GT League is a little more old-fashioned. It offers a straight-forward, in-game bar for players to aim for. There’s no meta-game, no agonizing over a penalty you received due to an aggressive human driver. Tracking the ups and downs of your Sportsmanship and Driver Ratings just isn’t the same.

Taming the wildest of horses. Image courtesy of MedigoFlame.

BAD: …Progression Sense is Limited (For Now)

With the above said, there are certain limitations with GT League’s progression system in its current form.

For starters, there are no prize cars. One could argue that they aren’t really needed; the daily marathon feature means players get a random car every day after a handful of miles. And, as GT League arrived over two months after GT Sport’s launch, a large swathe of the playerbase would already have a sizeable garage.

But GT League also arrived alongside a dozen new cars. These range from cheap and cheerful (the Suzuki Swift) through to eye-wateringly expensive (the seven-figure Countach). What better way to encourage players to explore GT League — and pick up new cars — than tie at least some of this new metal to the races? We hope Polyphony takes an approach like that in future updates to the single-player campaign.

There’s also no championship points in GT League. Currently, every series feels like a spot race — something players can almost set up on their own in the game’s Custom Race mode. There’s one important difference, though…

The Vision GTs don’t come cheap. Image courtesy of RL_23.

GOOD: Mo’ Money

GT League provides some of the best ways in GT Sport to make credits. Sure, if you just want to own cars, the daily marathon will (eventually) sort that out for you. But the in-game achievements value actually buying the cars, and we’ve already covered why you should pay attention to those.

The class-based nature of GT Sport means a lot of cars have the same price as others in their class. It also means you’re going to need a lot of credits to buy ’em all: over 92 million by our count!

Sport Mode won’t get you there. Fantastic as it is for close, fair racing, a money-spinner it is not. Those custom races won’t cut it either. But GT League and its handicap bonuses make earning credits a comparative doddle.

We’ve already detailed our best ways to use GT League to swell your Sport bank account. With these, you can experience different cars, learn their quirks, and gain credits for doing it. There’s no fear of ruining someone else’s race, or tanking your own stats. And, if it gets to be a little too easy, you can handicap yourself with a slower car. The result? Even more credits!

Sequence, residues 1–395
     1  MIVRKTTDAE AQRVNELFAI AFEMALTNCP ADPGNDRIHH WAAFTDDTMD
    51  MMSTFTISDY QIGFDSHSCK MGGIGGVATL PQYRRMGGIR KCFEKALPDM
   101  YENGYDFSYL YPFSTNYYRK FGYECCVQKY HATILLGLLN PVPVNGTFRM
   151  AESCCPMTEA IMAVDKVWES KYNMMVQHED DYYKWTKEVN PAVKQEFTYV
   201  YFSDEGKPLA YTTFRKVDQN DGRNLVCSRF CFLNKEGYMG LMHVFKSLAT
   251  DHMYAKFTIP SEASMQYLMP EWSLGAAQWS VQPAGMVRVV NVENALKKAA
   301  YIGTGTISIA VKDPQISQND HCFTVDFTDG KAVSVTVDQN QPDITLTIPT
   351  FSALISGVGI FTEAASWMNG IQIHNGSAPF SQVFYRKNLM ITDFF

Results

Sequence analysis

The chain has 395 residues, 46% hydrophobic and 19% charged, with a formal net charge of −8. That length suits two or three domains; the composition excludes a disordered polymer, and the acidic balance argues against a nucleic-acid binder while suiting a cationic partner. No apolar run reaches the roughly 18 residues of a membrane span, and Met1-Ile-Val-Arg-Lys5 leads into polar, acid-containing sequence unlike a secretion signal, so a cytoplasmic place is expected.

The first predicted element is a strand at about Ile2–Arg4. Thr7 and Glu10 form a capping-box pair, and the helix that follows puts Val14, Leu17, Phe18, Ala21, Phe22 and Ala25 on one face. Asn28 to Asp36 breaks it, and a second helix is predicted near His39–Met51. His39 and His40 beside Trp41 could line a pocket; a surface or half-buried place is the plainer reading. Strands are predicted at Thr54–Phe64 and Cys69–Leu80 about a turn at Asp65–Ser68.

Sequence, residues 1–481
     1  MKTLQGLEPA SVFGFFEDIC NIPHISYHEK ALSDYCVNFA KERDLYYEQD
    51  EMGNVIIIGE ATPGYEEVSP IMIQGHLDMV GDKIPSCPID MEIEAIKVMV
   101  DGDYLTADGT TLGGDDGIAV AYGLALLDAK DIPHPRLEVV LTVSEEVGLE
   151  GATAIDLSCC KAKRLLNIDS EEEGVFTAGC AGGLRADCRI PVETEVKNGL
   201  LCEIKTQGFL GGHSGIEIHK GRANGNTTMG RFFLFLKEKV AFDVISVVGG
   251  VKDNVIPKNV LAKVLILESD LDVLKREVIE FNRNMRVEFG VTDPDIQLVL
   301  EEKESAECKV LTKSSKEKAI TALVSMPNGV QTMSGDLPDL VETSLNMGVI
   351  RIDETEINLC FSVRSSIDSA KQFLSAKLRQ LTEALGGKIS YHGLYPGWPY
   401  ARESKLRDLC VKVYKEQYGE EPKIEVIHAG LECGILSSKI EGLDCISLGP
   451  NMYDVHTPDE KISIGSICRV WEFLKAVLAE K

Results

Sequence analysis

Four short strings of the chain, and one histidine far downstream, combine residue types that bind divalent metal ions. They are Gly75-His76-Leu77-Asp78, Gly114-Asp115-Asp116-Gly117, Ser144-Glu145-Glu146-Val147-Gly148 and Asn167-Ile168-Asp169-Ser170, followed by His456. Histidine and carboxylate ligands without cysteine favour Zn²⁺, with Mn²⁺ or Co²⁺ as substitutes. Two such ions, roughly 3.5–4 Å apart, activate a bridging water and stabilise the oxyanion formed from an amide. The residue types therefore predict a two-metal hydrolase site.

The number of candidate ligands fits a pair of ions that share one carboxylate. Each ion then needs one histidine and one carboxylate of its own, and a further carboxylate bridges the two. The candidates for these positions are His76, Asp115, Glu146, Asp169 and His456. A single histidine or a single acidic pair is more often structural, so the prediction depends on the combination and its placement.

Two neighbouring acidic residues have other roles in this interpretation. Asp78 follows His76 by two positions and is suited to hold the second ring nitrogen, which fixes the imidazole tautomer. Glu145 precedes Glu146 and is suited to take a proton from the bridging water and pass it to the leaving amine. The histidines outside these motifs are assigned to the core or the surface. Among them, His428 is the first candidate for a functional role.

Let’s face it: buying a car feels a little better than winning it via the daily lottery spin. GT League makes this possible more often.


The great thing about GT League is that it isn’t set in stone. With GT1–GT4, Polyphony had to get everything all lined up prior to launch. There was no fixing, and there was no online racing to complement the single-player experience. The PS3 era brought that last bit, and when GT Sport launched, it leaned on it heavily.

Much like the game it finds itself in, GT League is a solid base. A rethink of the career was needed, and while it has a few weak points in its current form, there’s no reason to believe it won’t continue to evolve. As more cars get added — up to 500 by the end of the game’s life, we’re told — GT League can continue to expand, offering up more diversity.

Throw in some championship-style points structures, some of the fun Mission Challenges, and tweak the AI, and there will be a single-player aspect of GT Sport just as compelling and addictive as the current online action. Just look at how the game has evolved the last three months: now imagine what it’ll look like at the end of 2018.

Featured image courtesy of c_14S6.